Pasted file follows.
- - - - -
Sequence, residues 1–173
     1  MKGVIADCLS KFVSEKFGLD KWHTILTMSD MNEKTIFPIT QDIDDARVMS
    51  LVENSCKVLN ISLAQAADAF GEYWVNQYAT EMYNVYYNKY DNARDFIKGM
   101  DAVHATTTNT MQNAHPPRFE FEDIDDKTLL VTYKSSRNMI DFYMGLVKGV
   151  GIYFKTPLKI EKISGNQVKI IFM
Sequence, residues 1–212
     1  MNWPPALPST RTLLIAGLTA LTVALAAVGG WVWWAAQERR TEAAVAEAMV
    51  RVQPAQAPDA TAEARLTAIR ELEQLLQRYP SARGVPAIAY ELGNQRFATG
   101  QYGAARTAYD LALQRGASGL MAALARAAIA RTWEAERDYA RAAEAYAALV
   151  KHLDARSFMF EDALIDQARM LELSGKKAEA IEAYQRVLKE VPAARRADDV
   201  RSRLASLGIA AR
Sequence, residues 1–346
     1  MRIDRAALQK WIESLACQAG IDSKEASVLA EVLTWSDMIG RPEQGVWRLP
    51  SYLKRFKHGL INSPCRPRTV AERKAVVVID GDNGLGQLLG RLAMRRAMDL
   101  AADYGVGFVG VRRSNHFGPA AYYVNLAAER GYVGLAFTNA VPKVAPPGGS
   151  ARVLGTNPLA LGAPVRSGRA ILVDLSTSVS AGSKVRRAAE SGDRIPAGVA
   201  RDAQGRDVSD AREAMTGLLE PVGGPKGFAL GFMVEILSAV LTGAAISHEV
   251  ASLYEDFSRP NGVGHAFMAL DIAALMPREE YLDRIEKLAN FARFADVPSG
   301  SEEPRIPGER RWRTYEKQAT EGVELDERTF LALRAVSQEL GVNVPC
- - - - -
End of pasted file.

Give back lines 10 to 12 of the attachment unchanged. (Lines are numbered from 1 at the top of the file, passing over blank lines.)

   151  KHLDARSFMF EDALIDQARM LELSGKKAEA IEAYQRVLKE VPAARRADDV
   201  RSRLASLGIA AR
Sequence, residues 1–346